In addition, we always like to challenge ourselves with the various styles and movements. As you’ve seen with our routines (Guarachando, Huerfanito and Hacha) they all have a different flavor.

Johnny: Earlier this year I got a chance hang out with you and Burju in Boston. The vibe between you guys, Ana & Joel, and Salsa Y Control is amazing! You guys are actually good friends and hangout with each other. It is no secret that top-notch dance teams residing within the same communities tend to keep their space from one another. Assuming that everything I saw was real, how do you guys get along so well and keep the vibe so positive?

Victor: Everything you saw was definitely real and I guess you can say we all grew up together. We have known each other for more than 6 years. From the beginning we have always helped each other and supported each others events.

I’m not sure what it is but we have something very unique and I’m grateful to have such talented dance teams around me that I can always count on. I feel that the positive vibe definitely comes from everyone remembering that dancing salsa is meant to be fun and entertaining; whether it’s on On1, On2 or on9.

Johnny: You guys get to travel a lot and I’m not talking about LA, NY and PR, no…you guys are all over the solar system, performing on Jupiter and Venus. Seriously, you guys are overseas quite often, what has been some of the most memorable trips that you have taken?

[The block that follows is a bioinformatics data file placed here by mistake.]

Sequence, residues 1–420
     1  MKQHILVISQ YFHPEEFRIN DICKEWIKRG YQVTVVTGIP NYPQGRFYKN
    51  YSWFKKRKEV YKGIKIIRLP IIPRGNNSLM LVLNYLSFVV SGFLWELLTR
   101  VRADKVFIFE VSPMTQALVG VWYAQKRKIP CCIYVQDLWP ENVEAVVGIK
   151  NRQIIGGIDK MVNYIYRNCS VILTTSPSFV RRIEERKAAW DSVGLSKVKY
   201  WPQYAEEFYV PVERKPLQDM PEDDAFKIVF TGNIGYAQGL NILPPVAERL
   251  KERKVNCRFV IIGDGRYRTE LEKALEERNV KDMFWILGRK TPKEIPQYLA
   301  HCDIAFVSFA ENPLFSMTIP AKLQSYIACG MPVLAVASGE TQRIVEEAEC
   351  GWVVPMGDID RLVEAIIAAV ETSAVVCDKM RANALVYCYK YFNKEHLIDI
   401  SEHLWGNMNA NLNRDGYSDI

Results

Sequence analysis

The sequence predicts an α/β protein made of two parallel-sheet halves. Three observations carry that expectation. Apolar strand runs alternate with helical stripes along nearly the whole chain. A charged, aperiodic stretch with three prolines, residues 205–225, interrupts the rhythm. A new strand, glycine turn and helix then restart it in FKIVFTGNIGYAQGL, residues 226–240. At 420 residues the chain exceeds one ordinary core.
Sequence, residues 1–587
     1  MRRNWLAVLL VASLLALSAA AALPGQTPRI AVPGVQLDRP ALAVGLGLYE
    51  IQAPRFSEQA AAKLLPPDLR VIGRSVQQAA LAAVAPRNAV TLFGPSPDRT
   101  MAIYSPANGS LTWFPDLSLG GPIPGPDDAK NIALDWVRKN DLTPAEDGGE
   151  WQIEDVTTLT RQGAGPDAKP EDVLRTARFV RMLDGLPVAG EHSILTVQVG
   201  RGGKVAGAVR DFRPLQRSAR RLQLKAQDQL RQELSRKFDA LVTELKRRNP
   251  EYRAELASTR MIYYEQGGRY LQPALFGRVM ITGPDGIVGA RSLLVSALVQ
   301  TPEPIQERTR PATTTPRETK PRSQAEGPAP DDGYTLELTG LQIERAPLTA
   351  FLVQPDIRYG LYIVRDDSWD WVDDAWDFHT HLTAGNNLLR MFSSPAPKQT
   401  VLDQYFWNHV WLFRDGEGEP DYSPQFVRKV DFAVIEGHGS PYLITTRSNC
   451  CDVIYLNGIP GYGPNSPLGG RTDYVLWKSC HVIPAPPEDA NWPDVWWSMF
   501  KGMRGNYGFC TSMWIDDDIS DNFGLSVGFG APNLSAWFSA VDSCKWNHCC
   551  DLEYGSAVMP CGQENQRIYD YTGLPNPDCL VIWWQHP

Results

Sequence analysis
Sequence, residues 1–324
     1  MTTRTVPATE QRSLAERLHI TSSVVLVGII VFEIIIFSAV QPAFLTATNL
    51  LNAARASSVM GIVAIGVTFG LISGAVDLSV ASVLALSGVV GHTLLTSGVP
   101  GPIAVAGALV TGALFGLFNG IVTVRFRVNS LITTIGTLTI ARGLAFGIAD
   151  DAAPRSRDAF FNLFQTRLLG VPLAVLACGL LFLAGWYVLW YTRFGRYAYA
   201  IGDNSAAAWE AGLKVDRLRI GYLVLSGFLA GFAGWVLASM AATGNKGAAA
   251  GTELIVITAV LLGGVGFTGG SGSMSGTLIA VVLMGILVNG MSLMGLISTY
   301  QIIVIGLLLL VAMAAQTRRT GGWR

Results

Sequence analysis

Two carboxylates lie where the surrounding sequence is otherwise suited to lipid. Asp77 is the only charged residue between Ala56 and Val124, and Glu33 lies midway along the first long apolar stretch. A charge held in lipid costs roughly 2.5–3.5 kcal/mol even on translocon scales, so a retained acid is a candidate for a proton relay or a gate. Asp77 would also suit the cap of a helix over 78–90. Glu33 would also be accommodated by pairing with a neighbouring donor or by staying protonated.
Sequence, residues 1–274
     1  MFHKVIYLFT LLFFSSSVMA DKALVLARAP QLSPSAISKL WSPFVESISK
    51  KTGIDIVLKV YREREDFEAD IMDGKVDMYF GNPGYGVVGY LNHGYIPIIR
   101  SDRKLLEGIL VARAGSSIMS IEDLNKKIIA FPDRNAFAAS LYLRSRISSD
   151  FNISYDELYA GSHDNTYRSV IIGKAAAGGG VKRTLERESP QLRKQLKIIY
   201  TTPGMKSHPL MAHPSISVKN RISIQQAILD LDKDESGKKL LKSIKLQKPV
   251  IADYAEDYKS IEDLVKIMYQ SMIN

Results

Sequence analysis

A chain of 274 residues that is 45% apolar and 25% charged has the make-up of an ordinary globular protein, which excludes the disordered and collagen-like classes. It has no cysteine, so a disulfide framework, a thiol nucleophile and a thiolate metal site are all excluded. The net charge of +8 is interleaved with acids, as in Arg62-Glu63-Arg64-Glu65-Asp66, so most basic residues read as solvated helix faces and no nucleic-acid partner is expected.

Victor: I’d have to say Italy. The architecture, history and food blew me away. I had the chance to visit the Vatican, The Sistine Chapel, and Coliseums. The history books do it no justice. Italy is just beautiful.

London, that’s a whole different story. Just experiencing the difference in everyday life there was interesting; be it driving on the opposite side of the road or there gorgeous buildings. I’d also have to say that the people in London are great, from Super Mario, Shawn, Marchant, Pepi, Candice and everyone else that we had the pleasure of hanging out with. They are just so welcoming and friendly.

I love every single country that I have been to. I just thank God that he has blessed us with opportunities to travel and see these beautiful places.

Johnny: What advice would you offer to those aspiring to be great performers, namely guys?

Victor: I would say make sure you are not only performing to the song, but that you are feeling it. Make sure that the music is moving every part of you on that stage. Another thing is Perfect Practice. You can practice for hours but if you are not practicing the right things or doing it right, then you are only perfecting bad habits. So once again…. Practice does not make Perfect, Perfect Practice Makes Perfect.

Johnny: Who are some of your favorite dancers on the scene?

Victor: I love watching, Juan Matos, Carlos Jiminez, Super Mario, Fernando Sosa (Tropical Gem), Ismael Otero, Joel Masacote, Gavin(Fogarte), Prenda(Fogarate) and Johnny and Andres(Salsa Y Control). I’d have to say that these guys are always having fun on the dance floor. You can always see them creating or just having fun. That’s what I’m always looking for.

Johnny: Where you do want to see Hacha y Machete 2 years from now

Victor: I would love to see Hacha doing a lot more work locally for the community with young kids. Hopefully with the opening of our studio in June we will be able to accomplish some of those dreams locally. As for internationally, I hope we can continue to entertain people and teach anything and everything that we have to offer them.

Johnny: Any Additional Comments:

Victor: I just have to say that you are doing one hell of a job, taking your own personal time to interview and produce one great publication that is reaching the masses. So I have to say thanks for creating and running La Voz del Mambo. It’s great.

Victor Perez